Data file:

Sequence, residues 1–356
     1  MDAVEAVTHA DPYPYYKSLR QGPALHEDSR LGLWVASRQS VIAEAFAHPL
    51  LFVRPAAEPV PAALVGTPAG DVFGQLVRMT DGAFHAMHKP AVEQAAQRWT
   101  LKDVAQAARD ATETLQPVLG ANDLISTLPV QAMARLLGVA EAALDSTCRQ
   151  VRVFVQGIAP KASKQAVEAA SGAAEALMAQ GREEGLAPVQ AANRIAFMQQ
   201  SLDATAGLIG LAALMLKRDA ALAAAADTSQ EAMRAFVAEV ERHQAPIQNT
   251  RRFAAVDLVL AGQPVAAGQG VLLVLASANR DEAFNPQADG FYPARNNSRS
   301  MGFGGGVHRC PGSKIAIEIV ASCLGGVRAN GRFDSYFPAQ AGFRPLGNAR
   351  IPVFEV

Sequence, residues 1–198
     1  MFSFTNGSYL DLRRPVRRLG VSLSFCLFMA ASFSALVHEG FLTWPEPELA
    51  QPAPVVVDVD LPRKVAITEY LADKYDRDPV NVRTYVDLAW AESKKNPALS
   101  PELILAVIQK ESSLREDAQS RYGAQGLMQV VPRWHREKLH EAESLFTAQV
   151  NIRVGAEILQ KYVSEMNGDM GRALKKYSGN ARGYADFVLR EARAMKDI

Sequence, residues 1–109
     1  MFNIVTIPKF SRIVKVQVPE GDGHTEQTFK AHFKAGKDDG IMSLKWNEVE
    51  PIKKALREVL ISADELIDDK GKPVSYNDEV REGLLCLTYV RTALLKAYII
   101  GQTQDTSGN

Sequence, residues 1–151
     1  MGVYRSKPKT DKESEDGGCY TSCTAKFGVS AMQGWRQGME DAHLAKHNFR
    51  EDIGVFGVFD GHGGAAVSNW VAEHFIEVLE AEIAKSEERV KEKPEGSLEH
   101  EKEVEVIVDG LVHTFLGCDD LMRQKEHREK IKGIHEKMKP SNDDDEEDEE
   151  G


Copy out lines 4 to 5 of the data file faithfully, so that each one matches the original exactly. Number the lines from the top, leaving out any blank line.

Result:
   101  LKDVAQAARD ATETLQPVLG ANDLISTLPV QAMARLLGVA EAALDSTCRQ
   151  VRVFVQGIAP KASKQAVEAA SGAAEALMAQ GREEGLAPVQ AANRIAFMQQ